At the moment, there's no deal to put HOT lanes on I-95. Arlington County is challenging that idea, plus, the times are just not good for financing such a public-private partnership.

If it does happen, then yes, drivers who now use the lanes for free on weekends would have to pay a toll. The toll rate would vary depending on the demand for the lanes. What the operators of the lanes sell is a faster trip. So the toll would rise with the demand and some people would decide to stick with the regular lanes.

I have been living in the DC area since 1996, but have never been to Ocean City. That is partly because of the reports of traffic backups. I realize the window of opportunity for the year is almost over. When is traffic the lightest on Saturday? Before 9:00 am? after noon?

If you're thinking of traffic on the Bay Bridge, these are the best summer travel times, according to the people who operate the bridge: Thursday before 2 p.m., Friday before noon and after 10 p.m.,  Saturday before 7 a.m. and between 5 and 10 p.m. and Sunday between 7 a.m. and 11 a.m. and after 10 p.m. For Labor Day Monday, go before 11 a.m. and after 10 p.m.

Me, I'd wait till after Labor Day and go on a nice September weekend, when the weather is still warm, but the traffic is diminishing.


Philly and I think Boston trolleys both have short stretches underground and the Philly trolleys are definitely not subways.

Any word on when the construction will be done? The roads over there are just awful.

I believe that the work on H Street is scheduled to continue into 2011. It's one of the District's Great Streets projects, designed as a very extensive makeover of the H Street/Benning Road corridor, with the Starburst intersection in between.

This was about a lot more than laying streetcar tracks. In fact, the track-laying program was something of an add-on to the original project. Doing it now, along with all the other work, means that the city won't have to tear up the streets a second time just to lay the track.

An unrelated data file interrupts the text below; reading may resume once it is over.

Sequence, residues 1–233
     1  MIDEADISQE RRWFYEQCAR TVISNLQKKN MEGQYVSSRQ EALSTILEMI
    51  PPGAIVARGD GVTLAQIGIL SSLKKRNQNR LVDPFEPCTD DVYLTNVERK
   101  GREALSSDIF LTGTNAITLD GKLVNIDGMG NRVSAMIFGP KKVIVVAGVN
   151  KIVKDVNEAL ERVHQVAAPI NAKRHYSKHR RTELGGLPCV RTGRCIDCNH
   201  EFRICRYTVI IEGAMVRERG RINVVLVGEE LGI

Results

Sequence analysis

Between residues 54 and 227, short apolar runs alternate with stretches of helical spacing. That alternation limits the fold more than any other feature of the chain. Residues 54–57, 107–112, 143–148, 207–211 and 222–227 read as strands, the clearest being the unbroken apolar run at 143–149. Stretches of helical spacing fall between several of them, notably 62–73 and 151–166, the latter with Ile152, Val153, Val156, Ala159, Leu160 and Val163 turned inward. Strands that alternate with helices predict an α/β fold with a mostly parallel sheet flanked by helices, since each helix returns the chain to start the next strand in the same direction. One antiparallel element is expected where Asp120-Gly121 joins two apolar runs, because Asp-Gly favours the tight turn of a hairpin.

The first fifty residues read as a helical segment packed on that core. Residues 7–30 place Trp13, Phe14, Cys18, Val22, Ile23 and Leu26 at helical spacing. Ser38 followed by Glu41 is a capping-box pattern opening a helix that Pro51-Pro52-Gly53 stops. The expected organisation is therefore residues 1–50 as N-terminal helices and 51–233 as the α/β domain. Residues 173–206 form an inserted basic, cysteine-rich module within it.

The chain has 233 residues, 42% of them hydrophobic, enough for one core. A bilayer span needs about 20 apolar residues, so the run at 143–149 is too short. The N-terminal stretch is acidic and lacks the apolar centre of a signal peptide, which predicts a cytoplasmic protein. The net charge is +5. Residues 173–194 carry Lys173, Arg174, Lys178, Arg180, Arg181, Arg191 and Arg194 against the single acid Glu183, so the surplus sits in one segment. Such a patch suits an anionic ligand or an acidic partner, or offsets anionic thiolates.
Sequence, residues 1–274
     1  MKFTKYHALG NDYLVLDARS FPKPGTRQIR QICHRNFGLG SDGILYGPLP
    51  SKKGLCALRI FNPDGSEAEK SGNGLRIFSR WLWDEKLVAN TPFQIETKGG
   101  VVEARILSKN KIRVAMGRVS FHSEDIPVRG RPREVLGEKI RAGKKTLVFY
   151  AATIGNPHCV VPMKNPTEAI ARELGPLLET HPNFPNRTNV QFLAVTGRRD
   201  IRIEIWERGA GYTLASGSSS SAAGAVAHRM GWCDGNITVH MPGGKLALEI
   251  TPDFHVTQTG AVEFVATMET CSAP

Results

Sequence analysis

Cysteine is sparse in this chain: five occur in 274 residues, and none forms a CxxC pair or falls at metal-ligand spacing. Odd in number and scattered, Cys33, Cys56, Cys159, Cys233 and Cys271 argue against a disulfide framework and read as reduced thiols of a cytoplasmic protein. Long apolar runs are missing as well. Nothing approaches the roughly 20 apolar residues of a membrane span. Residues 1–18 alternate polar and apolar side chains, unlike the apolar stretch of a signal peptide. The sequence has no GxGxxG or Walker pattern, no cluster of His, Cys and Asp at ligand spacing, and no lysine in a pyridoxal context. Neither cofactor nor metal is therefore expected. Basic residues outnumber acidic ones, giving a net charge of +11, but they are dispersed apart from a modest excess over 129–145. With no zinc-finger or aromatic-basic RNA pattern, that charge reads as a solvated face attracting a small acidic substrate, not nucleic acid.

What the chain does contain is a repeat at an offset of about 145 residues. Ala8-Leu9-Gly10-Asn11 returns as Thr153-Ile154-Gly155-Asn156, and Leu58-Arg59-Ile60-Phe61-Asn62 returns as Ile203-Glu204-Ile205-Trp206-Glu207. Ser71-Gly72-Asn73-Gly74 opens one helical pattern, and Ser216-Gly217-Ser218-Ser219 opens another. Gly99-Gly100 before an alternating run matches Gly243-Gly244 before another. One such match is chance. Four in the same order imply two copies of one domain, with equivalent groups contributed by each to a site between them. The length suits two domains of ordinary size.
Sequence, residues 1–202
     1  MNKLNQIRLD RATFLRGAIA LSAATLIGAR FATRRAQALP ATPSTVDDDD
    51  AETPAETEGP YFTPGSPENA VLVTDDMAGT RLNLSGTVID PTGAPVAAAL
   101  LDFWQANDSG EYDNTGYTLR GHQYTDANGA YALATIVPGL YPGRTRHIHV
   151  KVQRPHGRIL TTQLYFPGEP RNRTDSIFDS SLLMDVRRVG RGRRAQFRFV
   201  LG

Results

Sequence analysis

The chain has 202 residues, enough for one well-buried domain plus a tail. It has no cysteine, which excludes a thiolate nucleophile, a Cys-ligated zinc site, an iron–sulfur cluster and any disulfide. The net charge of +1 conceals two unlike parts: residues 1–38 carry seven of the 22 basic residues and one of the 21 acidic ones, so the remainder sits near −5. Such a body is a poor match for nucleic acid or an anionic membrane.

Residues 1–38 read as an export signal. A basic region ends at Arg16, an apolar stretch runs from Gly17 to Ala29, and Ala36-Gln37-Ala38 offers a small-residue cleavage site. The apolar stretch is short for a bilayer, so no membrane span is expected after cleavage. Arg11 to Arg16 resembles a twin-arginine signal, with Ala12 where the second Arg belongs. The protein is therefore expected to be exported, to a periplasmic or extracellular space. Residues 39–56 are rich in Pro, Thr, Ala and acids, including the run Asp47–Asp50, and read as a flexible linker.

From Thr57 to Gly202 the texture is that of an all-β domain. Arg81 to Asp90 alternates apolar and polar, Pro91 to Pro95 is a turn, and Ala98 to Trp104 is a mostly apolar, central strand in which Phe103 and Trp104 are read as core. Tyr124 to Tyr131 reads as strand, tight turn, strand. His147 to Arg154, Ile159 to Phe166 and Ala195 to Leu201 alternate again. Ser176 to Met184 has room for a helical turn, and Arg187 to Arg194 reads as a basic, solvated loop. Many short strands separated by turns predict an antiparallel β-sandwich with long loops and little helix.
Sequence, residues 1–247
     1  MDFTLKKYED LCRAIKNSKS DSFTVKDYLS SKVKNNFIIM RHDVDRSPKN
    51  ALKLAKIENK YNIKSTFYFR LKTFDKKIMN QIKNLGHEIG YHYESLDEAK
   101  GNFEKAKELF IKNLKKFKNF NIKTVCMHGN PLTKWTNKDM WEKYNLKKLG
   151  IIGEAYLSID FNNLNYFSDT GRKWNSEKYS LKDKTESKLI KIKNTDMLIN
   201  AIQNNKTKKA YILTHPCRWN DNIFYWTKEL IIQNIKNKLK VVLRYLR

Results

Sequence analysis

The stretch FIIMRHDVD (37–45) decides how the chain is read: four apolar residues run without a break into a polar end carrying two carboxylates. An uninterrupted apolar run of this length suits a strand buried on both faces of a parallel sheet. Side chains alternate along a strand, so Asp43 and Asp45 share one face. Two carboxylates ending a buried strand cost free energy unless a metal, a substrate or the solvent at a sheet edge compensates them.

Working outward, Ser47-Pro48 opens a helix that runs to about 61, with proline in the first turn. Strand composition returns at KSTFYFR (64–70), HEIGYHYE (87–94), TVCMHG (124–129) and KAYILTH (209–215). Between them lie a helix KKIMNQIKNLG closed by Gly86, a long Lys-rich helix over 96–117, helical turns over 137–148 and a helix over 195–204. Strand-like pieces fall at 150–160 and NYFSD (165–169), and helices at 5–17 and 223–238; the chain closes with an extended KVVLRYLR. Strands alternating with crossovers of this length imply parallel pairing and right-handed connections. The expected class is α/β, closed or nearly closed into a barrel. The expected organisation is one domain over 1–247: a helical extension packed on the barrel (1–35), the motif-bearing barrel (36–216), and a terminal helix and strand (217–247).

But the streetcar program does mean that there will be further disruptions along H Street even after the street paving and sidewalk rebuilding is done. Eventually, for example, the city will have to put in streetcar stops. I don't have a schedule for when that's supposed to happen.

There may be a legitimate reason behind this, but there seems to be a preponderance of metro operators who have a problem maintaining their speed. Every time I'm on the train, it's speed up, halting, speed up, halting, a non-stop nausea-inducing cycle. Can they not maintain speed? Are they taking their hands off the "dead-man's switch"? Or is something going on that we're just not aware of? It used to be just bad going into stations, but now it's in between as well.

One reason for this is that some train operators are better drivers than others. The trains were meant to be run automatically, with the operators just monitoring the equipment. After the Red Line crash, the drivers took control, and we still don't know when the trains will return to automatic.

Using the drivers as operators means there's more wear and tear on the equipment -- and on the passengers.

But if you're riding at rush hour, there are other factors. Trains go slowly, or stop, because trains are getting as close to each other as they're allowed to be.  They're supposed to be a certain number of minutes apart, according to the schedule. But it doesn't take long to mess that up at rush hour.


As a follow-up to my earlier question, I note that there is an old above-ground parking lot between 2nd and 3rd Streets N.E. at H. Also buildings on 2nd Street between G & H have recently been torn down. Is the idea to take the street car down that embankment and then through the tunnel under H Street itself? I have just been trying to figure out how they are going to get there. Since I am over 50, I hardly consider myself a Yuppie, but I do support the Streetcar plan even as a non-bicyclist, I support the new bike lanes throughout the city. Thanks for your efforts!

I just noticed that David Alpert has a map of the possible streetcar route on his Greater Greater Washington Web site. Here's a link:


I don't believe the city is targeting Yuppies in particular with it's streetcar plans, though I'm sure they'd be welcomed aboard. I think a lot of the people now riding the X2 Metrobus would welcome a streetcar ride along H Street and Benning Road.

By the way, some cyclists are concerned about the streetcar plan: They worry that bike tires will get caught in the streetcar tracks. The District is working on a solution.

I got on at Union Station on Saturday and there was a man angrily yelling at me and my party on the Union Station platform. He seemed mentally unstable and was not physically threatening us, but just to be safe (given the Chinatown/L'Enfant fight), I called 911, only to be transferred to Metro security. I described the man, said what was going on and frankly, the Metro call center seemed not to care. By the time we hung up, the man had gotten on the train toward NY Ave. I'm glad nothing REALLY bad happened. Also on the same trip: two people eating and drinking McDonald's on the train and people who stole from the system by running through the gates two-at-at-time while the manager did nothing!